What You Should Know About Auto Loans

So you've finally decided on buying a new car, but have no credit history. Believe it or not, you do have options in getting a car loan with no credit history. If you have no credit history, you will need to be a bit more creative than those who do, but that doesn't mean you have to resort to a dealer offering huge markups or high interest rates. You will need to have strategies to get the car loan you need with the credit history that you have, or don't have. Here are the top 3 auto loan options for people with no credit history. While you consider these, remember to keep working on your personal credit!

Check with the dealership and shop around. A dealer may be able to offer you better financing on the car that you want, especially if you want to go with the previous years model. Once you have decided on the make and model of the vehicle you desire, look around at both new and used models and the deals being offered at dealerships. Remember you will get the best deals later in the model year than earlier as the dealers need to clear off unsold inventory from the lots to make room for the new models coming in. At that point, they are ready to make deals just to get the space. The shopping around part refers to more than just the vehicle: shop around for an interest rate you can afford and be realistic about how much you can pay month. Don't sign up for a loan you will have to struggle to pay each month, that you do you or the credit you are trying to build no good. A bigger down payment will also help you make a deal beneficial to you.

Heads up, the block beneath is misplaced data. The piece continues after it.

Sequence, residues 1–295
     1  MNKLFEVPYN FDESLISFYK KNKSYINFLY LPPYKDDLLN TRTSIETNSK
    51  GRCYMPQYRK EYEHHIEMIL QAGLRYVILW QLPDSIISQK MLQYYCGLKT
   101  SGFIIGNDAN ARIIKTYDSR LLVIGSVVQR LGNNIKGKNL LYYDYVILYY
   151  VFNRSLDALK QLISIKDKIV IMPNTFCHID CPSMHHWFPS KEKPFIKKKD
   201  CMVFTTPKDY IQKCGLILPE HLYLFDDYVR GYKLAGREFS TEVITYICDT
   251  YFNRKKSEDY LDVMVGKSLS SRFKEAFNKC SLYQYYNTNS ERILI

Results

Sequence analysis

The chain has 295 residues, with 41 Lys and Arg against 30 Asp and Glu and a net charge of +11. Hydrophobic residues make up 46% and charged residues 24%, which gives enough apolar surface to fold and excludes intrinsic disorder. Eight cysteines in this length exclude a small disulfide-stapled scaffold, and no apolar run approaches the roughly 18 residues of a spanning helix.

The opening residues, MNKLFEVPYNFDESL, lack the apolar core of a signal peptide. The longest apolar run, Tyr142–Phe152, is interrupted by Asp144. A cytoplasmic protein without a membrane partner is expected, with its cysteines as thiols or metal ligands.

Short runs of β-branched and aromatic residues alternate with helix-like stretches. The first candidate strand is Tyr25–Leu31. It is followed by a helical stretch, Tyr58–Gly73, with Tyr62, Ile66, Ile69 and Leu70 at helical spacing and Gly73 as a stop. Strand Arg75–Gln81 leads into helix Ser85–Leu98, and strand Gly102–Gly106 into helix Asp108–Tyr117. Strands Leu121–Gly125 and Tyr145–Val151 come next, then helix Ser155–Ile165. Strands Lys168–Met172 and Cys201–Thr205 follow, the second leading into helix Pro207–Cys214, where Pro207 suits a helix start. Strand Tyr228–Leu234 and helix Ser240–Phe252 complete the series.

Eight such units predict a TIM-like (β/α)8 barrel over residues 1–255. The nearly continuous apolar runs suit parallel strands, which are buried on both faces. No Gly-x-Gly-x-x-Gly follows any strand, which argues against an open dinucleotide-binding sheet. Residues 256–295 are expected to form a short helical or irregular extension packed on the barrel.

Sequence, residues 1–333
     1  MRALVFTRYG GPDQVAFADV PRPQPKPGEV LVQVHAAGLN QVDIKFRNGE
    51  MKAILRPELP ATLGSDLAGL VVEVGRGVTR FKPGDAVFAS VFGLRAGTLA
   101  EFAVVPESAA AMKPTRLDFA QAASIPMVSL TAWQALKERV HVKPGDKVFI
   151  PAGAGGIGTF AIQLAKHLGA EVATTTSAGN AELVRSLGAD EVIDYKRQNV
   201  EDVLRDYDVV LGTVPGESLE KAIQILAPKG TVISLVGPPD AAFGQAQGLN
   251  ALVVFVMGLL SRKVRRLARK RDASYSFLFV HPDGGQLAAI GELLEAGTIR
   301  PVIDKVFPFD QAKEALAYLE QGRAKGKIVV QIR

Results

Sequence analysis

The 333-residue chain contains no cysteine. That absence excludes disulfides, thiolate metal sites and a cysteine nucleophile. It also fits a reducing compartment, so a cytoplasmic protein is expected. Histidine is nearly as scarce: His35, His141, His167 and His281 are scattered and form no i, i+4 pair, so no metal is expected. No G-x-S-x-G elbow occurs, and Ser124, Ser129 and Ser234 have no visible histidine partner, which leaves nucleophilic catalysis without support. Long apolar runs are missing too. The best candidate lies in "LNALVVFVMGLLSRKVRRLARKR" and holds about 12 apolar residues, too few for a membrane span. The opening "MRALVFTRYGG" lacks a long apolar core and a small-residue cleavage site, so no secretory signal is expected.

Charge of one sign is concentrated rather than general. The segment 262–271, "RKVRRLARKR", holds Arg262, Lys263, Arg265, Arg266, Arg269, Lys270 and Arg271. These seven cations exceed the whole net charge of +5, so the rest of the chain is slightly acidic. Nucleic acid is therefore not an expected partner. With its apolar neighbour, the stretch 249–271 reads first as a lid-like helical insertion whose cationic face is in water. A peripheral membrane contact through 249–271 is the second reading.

Get a co-signer and a bank loan. If you don't have the credit history to get the car you need, you might want to look into getting a co-signer for a bank loan. This is someone with a good credit history who can co-sign your loan. A co-signer is a guarantor for the bank loan someone the bank or lender can come to if the loan is defaulted. A co-signer will help you get a lower interest rate if you have no real credit history, but they will be responsible for the full amount of the loan if you fall behind on your payments. This make many people reluctant to sign, so you'll need some who trusts you, and you need to be worthy of that trust.

Try a local credit union. If your job has a credit union, check with them, even if they don't find a local credit union and apply for credit. Credit unions will be more flexible than traditional banks, and more willing to listen than a national branch or one that covers several states. Many will also offer loans that specifically help those with little credit but who they consider good risks. Different financial institutions offer different terms and interest, so you don't have to take a high interest loan, you can shop around and see what others might have to offer. Don't be in a hurry, make the deal that will be best for you, your finances and your developing credit.